Can you have your cake and retire too?
A young couple dream of getting away from the Seattle grind. "I get up at 6 a.m., make coffee, get ready for work, make my lunch, hit the...
Special to The Seattle Times
About this seriesDo you know how much money you'll need for retirement? What's the best way to invest? This is the latest in a series of monthly "financial makeovers" by The Seattle Times for readers who want to get real about their money. You'll read about their challenges and discover possible solutions from financial planners.
A young couple dream of getting away from the Seattle grind.
"I get up at 6 a.m., make coffee, get ready for work, make my lunch, hit the freeway," said Joe Linscheid, 30, a mechanic at a local Lexus dealership. "It's dirty, smelly work all day."
Then he's on the freeway again for a sluggish commute out of Lynnwood. The sound of saws and other construction noises greets him when he gets back to his Green Lake home. Neighbors on both sides of his house have been remodeling for almost three years.
He isn't complaining. He likes what he does and where he lives. The routine just gets a little tedious.
Lauren Linscheid, 29, enjoys her job, too. She's a client-services representative at Business Wire, an information-distribution network for companies worldwide.
Joe and Lauren earned bachelor's degrees in philosophy from Sonoma State University in California's wine country. What did they think they'd do with philosophy degrees? "Nothing," they answered in unison.
Since their college graduation four years ago, they've shared an interest in wine.
What they want
Joe and Lauren want to travel to South America — Buenos Aires and the wine-rich Mendoza province in Argentina — during the grape-harvest season in February 2008.
"Lauren likes to travel, and I like to do things that make her happy," Joe said.
Although that seems like a comment from a newlywed, they'll celebrate their fourth wedding anniversary this month.
The trip would cost about $11,000, and they wonder if they can afford it. Would it be wiser to invest that amount in a retirement plan, put the money toward home-renovation projects or save it in case they decide to have children?
What they have
With their home loan, car loan and recent financing of kitchen appliances, the Linscheids owe about $232,000. On the plus side, together they earn $93,000 and have been saving about 20 percent of their income.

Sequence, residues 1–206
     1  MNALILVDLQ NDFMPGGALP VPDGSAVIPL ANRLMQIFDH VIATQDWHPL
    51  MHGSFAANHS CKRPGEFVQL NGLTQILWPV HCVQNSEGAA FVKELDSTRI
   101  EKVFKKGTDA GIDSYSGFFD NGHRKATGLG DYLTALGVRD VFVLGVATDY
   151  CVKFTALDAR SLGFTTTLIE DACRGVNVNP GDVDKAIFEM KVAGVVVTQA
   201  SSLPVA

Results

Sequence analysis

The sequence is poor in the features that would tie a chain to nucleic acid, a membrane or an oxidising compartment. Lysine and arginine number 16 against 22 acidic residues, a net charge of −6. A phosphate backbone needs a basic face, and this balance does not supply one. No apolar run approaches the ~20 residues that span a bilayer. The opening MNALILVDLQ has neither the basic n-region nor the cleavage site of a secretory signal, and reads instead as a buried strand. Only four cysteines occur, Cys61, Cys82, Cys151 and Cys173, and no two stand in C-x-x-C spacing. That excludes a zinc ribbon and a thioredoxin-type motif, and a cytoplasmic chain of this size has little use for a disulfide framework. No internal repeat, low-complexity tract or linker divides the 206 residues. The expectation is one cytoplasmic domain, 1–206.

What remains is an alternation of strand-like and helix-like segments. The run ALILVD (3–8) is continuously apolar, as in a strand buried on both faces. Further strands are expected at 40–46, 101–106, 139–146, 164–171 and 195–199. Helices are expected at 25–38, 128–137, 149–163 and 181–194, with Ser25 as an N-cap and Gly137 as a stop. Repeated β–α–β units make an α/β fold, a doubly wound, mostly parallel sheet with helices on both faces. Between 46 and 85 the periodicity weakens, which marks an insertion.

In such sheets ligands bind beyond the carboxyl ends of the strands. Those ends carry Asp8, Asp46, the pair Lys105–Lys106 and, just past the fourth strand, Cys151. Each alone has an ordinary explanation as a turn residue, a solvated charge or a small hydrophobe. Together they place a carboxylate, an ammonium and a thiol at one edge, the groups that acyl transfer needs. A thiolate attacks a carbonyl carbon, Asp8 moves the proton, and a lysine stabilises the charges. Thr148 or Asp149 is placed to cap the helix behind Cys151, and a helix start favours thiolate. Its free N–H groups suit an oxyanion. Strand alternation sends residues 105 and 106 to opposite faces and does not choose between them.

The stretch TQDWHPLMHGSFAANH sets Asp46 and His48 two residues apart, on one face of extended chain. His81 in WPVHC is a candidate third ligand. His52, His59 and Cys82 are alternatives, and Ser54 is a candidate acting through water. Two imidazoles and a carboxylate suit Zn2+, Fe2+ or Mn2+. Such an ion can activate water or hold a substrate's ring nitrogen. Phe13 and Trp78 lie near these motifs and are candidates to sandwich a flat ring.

"It almost gives me a stomachache when I have to buy something," said Joe. He attributes his "saving mentality" to his father.
Lauren added, "Joe's father washes out and dries Ziploc bags to use again. He runs every day and has his tennis shoes resoled. He's a lovely man who does not let anything go to waste."
They have $51,000 in nonqualified assets — the majority in checking and savings accounts — and $36,000 in their 401(k) plans. Their house is valued at $405,000, making their net worth close to $260,000.
Considering their ages and the number of years they have ahead to earn money, the Linscheids think they're "OK" financially.
What they need
Certified financial planner Matt McKellar analyzed what he called the Linscheid's "financial DNA."
McKellar, who is president and co-founder of ICON Consulting in Bellevue, said Joe and Lauren are underfunding their retirement savings. Assuming they maintain current spending and saving patterns and retire in the year 2037, their retirement assets would run out in 2052 when they'll be in their mid-70s.
"Planning is a process of trying to bring the future into the present so we can do something about it," McKellar said. "They are doing great with short and midrange financial goals. Now they need to focus on long-term investments."
The Linscheids have around $41,000 in separate checking and savings accounts. McKellar recommended setting aside $11,000 of that for their vacation to South America.
Next, they should put $5,000 toward retirement investments by opening two Roth IRAs with $2,500 each. That still leaves a comfortable cushion of cash.
Joe and Lauren also make an extra $100 principal payment on their mortgage loan every month. McKellar said that's "better than spending $100" but instead they should concentrate on fully funding Lauren's 401(k).
"I figured the extra principal would save us $40,000 at the end of the 30-year loan," Joe said. However, $100 per month put into a 401(k) with matching funds from Lauren's employer amounts to $500,000 upon retirement. "That makes more sense," he agreed.
It also makes sense to get disability insurance, which Lauren has through her work but Joe hasn't signed up for.
"The biggest asset they have right now is their ability to earn a paycheck," McKellar said. "If that goes away for an extended period of time, all their hard work saving money is undone and they might never recover."
What they think
The need for wills and disability insurance has made them "pretty emotional," Lauren said. Neither wants to think about losing the other or having something bad happen, but they plan to take care of the business that "young, invincible" people often don't consider.
Both were surprised McKellar was supportive of their Argentina plans.
"I really thought he'd say 'You could go on a trip, but it'd be better to move $10,000 ... ' " Joe started to say. "... into some account and earn something-something percent on it," Lauren said, finishing his sentence.
"He kept telling us life doesn't start at 55 or 60 and we've worked hard for our money so we should take a vacation and have fun," Joe added. "That was unexpected. I'm kind of getting excited about going."
We're looking for families who need help saving for college expenses or have other financial dilemmas. If you're interested in a free financial makeover in exchange for having your story and photo published in The Times, answer a few brief questions at seattletimes.com/ yourmoneysurvey.
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